Felix Salmon

Paywall math, Guardian edition

Felix Salmon
Jan 25, 2010 22:11 UTC

There’s been a lot of speculation on this blog about the economics of the NYT paywall. So let’s stop speculating and look at what Alan Rusbridger, the editor of the Guardian, has to say on the subject. After all, the Guardian, and its website, are in a very similar situation to that of the NYT: a newspaper which has a huge online audience, but which is still losing a lot of money. What’s more, there’s a good chance that a NYT paywall, if it’s set high enough, will catapult the Guardian into position as the most widely-read newspaper in the English-speaking world.

My commercial colleagues at the Guardian – the ones who do think about business models – want to grow a large audience for our content and for advertisers, and can’t presently see the benefits of choking off growth in return for the relatively modest sums we think we would get from universal charging for digital content. Last year we earned £25m from digital advertising – not enough to sustain the legacy print business, but not trivial. My commercial colleagues believe we would earn a fraction of that from any known pay wall model.

They’ve done lots of modelling around at least six different pay wall proposals and they are currently unpersuaded. They’re looked at the argument that free digital content cannibalises print – and they look at the ABC charts showing that our market share of paid-for print sales is growing, not shrinking, despite pushing aggressively ahead on digital. They don’t rule anything out. But they don’t think it’s right for us now.

The New York Times, like the Guardian, is currently seeing little if any erosion of its print circulation from the fact that it’s available for free online. That might be counterintuitive, but it does seem to be true, at least for the time being. So if I’m right that the main purpose of the NYT paywall is to shore up the newpaper’s print circulation, this would seem to be a weird time to implement it.

In fact, the reverse is true: with Rupert Murdoch seemingly hell-bent on putting paywalls around all of his newspaper properties (although not, as Rusbridger notes, around SkyNews.com), a lot of Murdoch’s readers are going to look elsewhere for news. And many of them will find their way to the Guardian and the NYT. I’m told that the current plans for the paywall around the Times and the Sunday Times are for what John Gapper calls a “Berliner”: no meter, no free content, just a wall which you have to pay to get past. I’m sure that Rusbridger is licking his lips in anticipation.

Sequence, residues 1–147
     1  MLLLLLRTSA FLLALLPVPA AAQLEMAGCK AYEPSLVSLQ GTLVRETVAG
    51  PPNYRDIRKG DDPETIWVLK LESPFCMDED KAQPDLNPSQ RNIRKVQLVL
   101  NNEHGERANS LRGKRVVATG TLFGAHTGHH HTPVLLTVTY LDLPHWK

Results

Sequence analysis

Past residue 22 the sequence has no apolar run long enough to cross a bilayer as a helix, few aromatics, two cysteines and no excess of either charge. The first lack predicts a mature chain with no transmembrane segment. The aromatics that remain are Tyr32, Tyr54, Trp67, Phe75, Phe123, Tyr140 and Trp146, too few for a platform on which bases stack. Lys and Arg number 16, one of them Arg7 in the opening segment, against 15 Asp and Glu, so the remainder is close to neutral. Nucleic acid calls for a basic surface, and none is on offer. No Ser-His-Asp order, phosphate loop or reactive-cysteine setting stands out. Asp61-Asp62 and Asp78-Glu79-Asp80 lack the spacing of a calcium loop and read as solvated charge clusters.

There’s not much point in putting a paywall up for Sky News. The TV station is free to air, so it’s not like they’re cannibalising subscription revenue, even in theory.

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Abnormal Returns gets even better

Felix Salmon
Jan 25, 2010 19:38 UTC

Abnormal Returns has gone real-time! The indispensible link-fest will still arrive daily, but now that Tadas Viskantas has sold his site to StockTwits, a second column has appeared on the site, with “links in real time”, mainly from Twitter.

This is great news for the econoblogosphere, on many levels. It helps to ratify the importance of Twitter for driving the conversation; it helps to make AR even more important than it has been until now; and it also demonstrates a new way of monetizing small, one-man blogs: exit via acquisition. Tadas gets a check from StockTwits now, and a regular paycheck from them going forwards: this means, I hope, that we can look forward to him sticking around for a while.

As for me, I’m going to be a bit quiet for the next 24 hours or so, as I wend my way to the top of a Swiss alp for a certain alpine gabfest. Tadas should be able to take care of your econoblogospheric needs until then.

The corporate conscience

Felix Salmon
Jan 25, 2010 17:43 UTC

Justin Fox kicks off his new HBR blog with a cracking post on the jurisprudence of treating corporations as persons. If John Roberts really believes that shareholders control corporations, he says, that’s all the more reason not to allow corporations the rights of individuals — and he uses Milton Friedman, of all people, to make his case:

The “one and only social responsibility of business,” economist Milton Friedman wrote back in 1970 in a New York Times Magazine essay that launched a thousand arguments, is “to use its resources and engage in activities designed to increase its profits so long as it stays within the rules of the game …” Friedman contrasted this with the multiple responsibilities that an individual — such as a corporate executive — might have “to his family, his conscience, his feelings of charity, his church, his clubs, his city, his country.” …

The individuals who make up the electorate in the United States are, as Friedman described, beings of many facets — their actions and their views shaped by pecuniary self interest but also by values, beliefs, and loyalties that might conflict with that self interest. The ideal for-profit corporation, on the other hand, is out to do nothing but make as much money as it can “within the rules of the game.” It is supposed to behave in a fashion that for an individual would probably be described as psychopathic. And if corporations are allowed to play a decisive role in shaping the “rules of the game,” we have effectively put the inmates in control of the asylum…